Police Officer Involved Domestic Violence. Lighting a candle of remembrance for those who've lost their lives to domestic violence behind the blue wall, for strength and wisdom to those still there, and a non-ending prayer for those who thought they had escaped but can't stop being afraid.
CLICK HERE: Keeping this display of officer-involved domestic violence fatalities on top from now on...
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Wednesday, July 9, 2008
[FL] Deputy Tanner's tasered & gun-assaulted wife says she wanted him home
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Officers take long trip from charges to firingReplyDelete
By Justin George
July 9, 2008
TAMPA - A Hillsborough County sheriff's deputy was arrested Saturday after authorities said he used his Taser on his wife.
But he didn't immediately lose his job.
The lag between criminal charges and firings can be months when it comes to law enforcement and correctional officers accused of crimes.
State law protects their jobs with a formal statement of rights, which ensures employers investigate claims fairly before taking disciplinary action. Internal investigations at most law enforcement agencies take months and usually don't wrap up until separate criminal investigations are complete.
"It's not something that's going to be done in just a few days," Hillsborough sheriff's spokeswoman Debbie Carter said of the internal investigation into Deputy Carlos Tanner.
He faces charges of domestic violence battery and aggravated assault with a deadly weapon after sheriff's officials said he shocked his wife with a Taser and threatened her with his gun. He has been placed on administrative leave without pay.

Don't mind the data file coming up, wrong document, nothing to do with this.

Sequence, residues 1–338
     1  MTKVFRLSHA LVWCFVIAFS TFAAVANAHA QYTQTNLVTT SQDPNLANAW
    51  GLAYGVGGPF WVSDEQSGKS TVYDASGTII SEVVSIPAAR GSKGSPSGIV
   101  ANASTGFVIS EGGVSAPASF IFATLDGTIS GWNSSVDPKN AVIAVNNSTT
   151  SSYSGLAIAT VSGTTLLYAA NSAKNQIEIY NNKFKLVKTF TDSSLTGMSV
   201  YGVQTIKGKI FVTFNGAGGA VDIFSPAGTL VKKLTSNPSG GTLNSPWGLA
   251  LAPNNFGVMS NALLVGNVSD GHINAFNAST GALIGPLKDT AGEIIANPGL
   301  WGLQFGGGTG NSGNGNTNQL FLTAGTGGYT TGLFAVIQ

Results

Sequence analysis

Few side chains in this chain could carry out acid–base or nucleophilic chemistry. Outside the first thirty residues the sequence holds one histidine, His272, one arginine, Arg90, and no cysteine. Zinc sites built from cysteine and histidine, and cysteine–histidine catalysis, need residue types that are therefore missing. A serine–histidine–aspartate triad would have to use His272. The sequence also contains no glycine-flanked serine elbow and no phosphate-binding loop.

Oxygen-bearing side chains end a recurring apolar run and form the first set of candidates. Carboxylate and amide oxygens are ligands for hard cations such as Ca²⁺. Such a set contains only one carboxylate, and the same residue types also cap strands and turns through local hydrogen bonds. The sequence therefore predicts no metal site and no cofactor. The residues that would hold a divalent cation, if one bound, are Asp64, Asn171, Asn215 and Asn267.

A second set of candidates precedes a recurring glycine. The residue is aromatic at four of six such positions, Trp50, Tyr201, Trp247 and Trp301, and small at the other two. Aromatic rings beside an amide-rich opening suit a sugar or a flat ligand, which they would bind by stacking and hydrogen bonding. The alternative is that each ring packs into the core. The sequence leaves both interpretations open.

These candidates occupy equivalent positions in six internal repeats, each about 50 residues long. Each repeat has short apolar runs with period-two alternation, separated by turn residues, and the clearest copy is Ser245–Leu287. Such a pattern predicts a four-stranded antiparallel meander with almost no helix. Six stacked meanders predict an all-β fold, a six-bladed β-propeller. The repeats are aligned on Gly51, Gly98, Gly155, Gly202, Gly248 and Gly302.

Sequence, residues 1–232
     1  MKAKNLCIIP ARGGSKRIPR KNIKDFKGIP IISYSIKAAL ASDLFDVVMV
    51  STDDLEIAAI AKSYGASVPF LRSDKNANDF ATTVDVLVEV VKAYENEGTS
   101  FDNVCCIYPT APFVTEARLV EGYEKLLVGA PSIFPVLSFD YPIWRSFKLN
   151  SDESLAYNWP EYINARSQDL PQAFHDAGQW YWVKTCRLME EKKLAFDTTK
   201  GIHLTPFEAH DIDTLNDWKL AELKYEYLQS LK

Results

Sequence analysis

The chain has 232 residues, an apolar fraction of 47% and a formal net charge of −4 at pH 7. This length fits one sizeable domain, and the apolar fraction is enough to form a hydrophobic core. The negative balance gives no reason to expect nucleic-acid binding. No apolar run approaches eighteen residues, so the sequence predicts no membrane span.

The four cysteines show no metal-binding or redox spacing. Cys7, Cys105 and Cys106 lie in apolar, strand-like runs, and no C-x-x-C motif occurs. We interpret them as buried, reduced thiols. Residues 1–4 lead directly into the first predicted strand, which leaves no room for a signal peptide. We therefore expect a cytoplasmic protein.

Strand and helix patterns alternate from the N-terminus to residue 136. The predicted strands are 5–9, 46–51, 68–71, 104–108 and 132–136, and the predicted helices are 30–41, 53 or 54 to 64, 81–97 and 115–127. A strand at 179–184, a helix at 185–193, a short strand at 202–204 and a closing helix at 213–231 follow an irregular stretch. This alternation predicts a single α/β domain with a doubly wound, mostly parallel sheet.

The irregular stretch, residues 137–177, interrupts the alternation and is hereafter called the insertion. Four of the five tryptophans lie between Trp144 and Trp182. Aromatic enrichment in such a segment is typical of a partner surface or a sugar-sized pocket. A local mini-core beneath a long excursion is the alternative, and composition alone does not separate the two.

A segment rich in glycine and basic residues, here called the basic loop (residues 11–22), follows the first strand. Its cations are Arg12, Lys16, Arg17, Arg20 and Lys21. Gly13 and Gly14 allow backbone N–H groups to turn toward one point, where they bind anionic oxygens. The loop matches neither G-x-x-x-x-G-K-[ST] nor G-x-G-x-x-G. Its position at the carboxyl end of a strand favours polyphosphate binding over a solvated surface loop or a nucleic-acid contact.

St. Petersburg police would wait for a criminal investigation to conclude before ending an internal one, spokesman Bill Proffitt said.
"Whenever there are criminal allegations, typically our agency investigates the criminal allegations first and the internal affairs investigations may begin at the same time, but it goes slower than the criminal investigation and can't really finish until the criminal investigation is complete," Proffitt said.
But in Hillsborough, both the Sheriff's Office and Tampa police can move forward with an internal affairs investigation and fire someone before a criminal investigation is over. It's rare, officials at both agencies said, and used when overwhelming evidence presents itself or when a criminal investigation is languishing. It can also happen when internal policies have been violated but no crime occurred.
Firing officers before criminal investigations conclude can be a political move to stave off public outrage, said Matt Puckett, deputy executive director of the Florida Police Benevolent Association.
But it's a move police unions such as Puckett's fight vigorously.
His group represents 170 agencies. The Hillsborough County Sheriff's Office is not among them.
If a law enforcement agency fires someone who is later exonerated, the agency could be forced by an arbitrator or judge to rehire the employee with back pay. The agency could also face a lawsuit - not to mention public embarrassment, according to law enforcement and police union officials.
That's why Puckett said it makes sense for agencies to wait for a criminal case to end before moving forward with recommendations from an internal investigation.
"If the evidence is overwhelming," he said, "then you can go through the process and the termination is going to happen anyway."
Times news researcher John Martin contributed to this report. Justin George can be reached at (813) 226-3368 or firstname.lastname@example.org.
[Last modified: Jul 08, 2008 09:38 PM]